Gordon Campbell | Parliament TV | Parliament Today | Video | Questions Of the Day | Search

 


A more competitive dollar from Reserve Bank changes

Lower interest rates, a more competitive dollar and better jobs from Reserve Bank changes


Labour’s Reserve Bank Upgrade will lead to lower interest rates, a more competitive dollar and better jobs with higher wages, says Labour’s Finance spokesperson David Parker.

“The next Labour Government will upgrade the Reserve Bank Act by broadening its objective and giving it a new tool that will enable it to tackle our high overvalued dollar, help create jobs and keep interest rates low.

“Governments around the world have changed how they operate monetary policy since the global financial crisis. New Zealanders have a dollar overvalued by up to 15 per cent, a weakened export sector and mortgage rates that are among the highest in the developed world.

“Labour will make the following changes to the Reserve Bank Act as part of our Economic Upgrade:

1) Broaden the Reserve Bank’s objective beyond inflation and price stability to also assist to achieve a positive national external balance, which will boost economic growth and create more jobs.

2) Encourage the Bank to use its current tools differently, in a way that will help exporters and home owners.

3) Introduce a new tool - a variable savings rate or VSR - allowing the Bank to vary KiwiSaver savings rates (which would be universal under Labour) as an alternative to raising the OCR to take the heat out of the economy. This VSR would mean Kiwis would pay money to their retirement savings instead of higher mortgage payments to overseas banks.

“The independence of the Reserve Bank, and its ability to meet its inflation control target, are maintained.

“Labour’s changes will work with our Economic Upgrade focussing on investment, innovation and industry policies.

Alongside a capital gains tax, our KiwiBuild housing policy, universal KiwiSaver and reduced costs to businesses through NZ Power, Labour is offering an alternative that will help Kiwi families and ensure our economy can create better jobs and higher wages,” says David Parker.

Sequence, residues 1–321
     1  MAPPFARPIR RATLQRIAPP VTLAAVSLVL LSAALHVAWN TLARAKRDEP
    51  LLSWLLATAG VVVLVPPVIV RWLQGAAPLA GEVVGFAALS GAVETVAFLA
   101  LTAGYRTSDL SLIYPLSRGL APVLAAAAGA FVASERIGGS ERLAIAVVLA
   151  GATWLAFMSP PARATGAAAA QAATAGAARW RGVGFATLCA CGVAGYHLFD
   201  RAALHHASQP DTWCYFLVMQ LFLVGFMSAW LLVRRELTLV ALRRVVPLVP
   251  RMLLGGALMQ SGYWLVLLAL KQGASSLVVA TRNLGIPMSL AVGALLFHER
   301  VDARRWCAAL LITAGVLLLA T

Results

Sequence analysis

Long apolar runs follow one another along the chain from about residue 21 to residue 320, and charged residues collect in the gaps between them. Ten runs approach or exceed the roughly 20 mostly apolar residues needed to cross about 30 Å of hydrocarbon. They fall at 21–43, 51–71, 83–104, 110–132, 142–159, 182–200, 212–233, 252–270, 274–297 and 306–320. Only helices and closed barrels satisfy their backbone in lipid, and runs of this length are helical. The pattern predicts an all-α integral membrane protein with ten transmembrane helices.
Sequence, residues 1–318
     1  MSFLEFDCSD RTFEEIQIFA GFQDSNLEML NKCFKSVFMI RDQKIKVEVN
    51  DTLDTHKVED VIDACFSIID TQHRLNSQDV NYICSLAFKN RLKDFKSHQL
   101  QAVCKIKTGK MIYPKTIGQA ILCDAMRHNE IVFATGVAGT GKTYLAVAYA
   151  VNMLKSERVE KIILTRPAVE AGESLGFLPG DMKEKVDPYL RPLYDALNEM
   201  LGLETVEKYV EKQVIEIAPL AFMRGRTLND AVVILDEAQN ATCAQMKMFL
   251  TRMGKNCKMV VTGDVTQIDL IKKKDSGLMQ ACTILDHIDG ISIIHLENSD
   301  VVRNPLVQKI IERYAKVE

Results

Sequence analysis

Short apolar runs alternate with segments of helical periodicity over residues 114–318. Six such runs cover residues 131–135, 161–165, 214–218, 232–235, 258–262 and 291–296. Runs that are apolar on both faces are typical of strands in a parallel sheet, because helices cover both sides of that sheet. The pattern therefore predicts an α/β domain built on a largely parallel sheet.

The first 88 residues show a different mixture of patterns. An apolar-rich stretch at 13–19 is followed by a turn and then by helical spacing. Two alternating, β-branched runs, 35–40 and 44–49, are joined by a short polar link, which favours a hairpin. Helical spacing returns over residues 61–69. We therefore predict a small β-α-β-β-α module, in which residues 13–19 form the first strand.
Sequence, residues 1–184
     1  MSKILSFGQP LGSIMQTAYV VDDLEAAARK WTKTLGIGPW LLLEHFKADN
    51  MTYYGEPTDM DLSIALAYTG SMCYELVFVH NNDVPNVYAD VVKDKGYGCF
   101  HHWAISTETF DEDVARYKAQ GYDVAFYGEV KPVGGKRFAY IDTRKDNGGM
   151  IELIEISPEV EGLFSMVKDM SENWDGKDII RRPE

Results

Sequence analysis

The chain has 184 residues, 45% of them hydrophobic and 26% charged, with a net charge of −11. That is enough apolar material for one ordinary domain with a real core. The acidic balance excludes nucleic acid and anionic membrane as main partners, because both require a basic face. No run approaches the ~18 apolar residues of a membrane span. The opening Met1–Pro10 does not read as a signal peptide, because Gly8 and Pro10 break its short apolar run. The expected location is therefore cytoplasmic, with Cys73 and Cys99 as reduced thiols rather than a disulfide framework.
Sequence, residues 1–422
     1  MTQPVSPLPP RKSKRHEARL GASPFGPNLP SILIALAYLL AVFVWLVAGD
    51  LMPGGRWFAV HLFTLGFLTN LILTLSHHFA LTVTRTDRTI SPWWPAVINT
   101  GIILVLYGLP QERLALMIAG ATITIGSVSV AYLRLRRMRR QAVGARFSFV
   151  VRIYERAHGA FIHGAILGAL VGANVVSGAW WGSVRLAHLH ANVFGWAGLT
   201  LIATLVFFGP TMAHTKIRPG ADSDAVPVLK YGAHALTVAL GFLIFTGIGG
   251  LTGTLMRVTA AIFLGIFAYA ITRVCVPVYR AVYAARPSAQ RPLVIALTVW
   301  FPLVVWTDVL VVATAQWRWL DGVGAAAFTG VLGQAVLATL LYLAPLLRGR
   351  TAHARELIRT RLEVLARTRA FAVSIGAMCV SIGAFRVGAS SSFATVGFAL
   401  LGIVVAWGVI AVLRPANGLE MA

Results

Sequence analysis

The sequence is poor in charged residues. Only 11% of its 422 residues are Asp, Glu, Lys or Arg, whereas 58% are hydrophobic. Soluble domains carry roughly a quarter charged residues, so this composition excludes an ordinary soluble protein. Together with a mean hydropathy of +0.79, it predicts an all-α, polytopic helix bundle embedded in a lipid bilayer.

Ends

Monetary_policy_document_FINAL.PDF
Monetary_policy_factsheet_FINAL.PDF

© Scoop Media

 
 
 
 
 
Parliament Headlines | Politics Headlines | Regional Headlines

Gordon Campbell:
On The National Leadership “Contest”

Key’s endorsement of English has turned this “contest” into a race for second place.

This succession was well planned. Lets not forget that English was told by Key in September of his intention to resign, and English was the only member of Cabinet entrusted with that information before it was sprung on everyone else on Monday morning. More>>

ALSO:

 
 

Education: Charter Schools Misleading Pass Rates

Labour: NCEA results for charter schools have been massively overstated... In one case a school reported a 93.3 per cent pass rate when the facts show only 6.7 per cent of leavers achieved NCEA level two. More>>

ALSO:

International Rankings: Student Results 'Show More Resourcing Needed'

NZEI: New Zealand had only held relatively steady in international rankings in some areas because the average achievement for several other OECD countries had lowered the OECD average -- not because our student achievement has improved. More>>

ALSO:

Earlier:

Salvation Army Report: Beyond The Prison Gate Report

A new Salvation Army report says changes must be made to how prisoners re-enter society for New Zealanders to feel safe and secure in their homes and communities. More>>

ALSO:

Surprise Exit: Gordon Campbell On The Key Resignation

The resignation of John Key is one thing. The way that Key and his deputy Bill English have screwed the scrum on the leadership succession vote (due on December 12) is something else again. It remains to be seen whether the party caucus – ie, the ambitious likes of Steven Joyce, Judith Collins, Paula Bennett, and Amy Adams – will simply roll over... More>>

ALSO:

Get More From Scoop

 

LATEST HEADLINES

 
 
 
 
 
 
 
 
Parliament
Search Scoop  
 
 
Powered by Vodafone
NZ independent news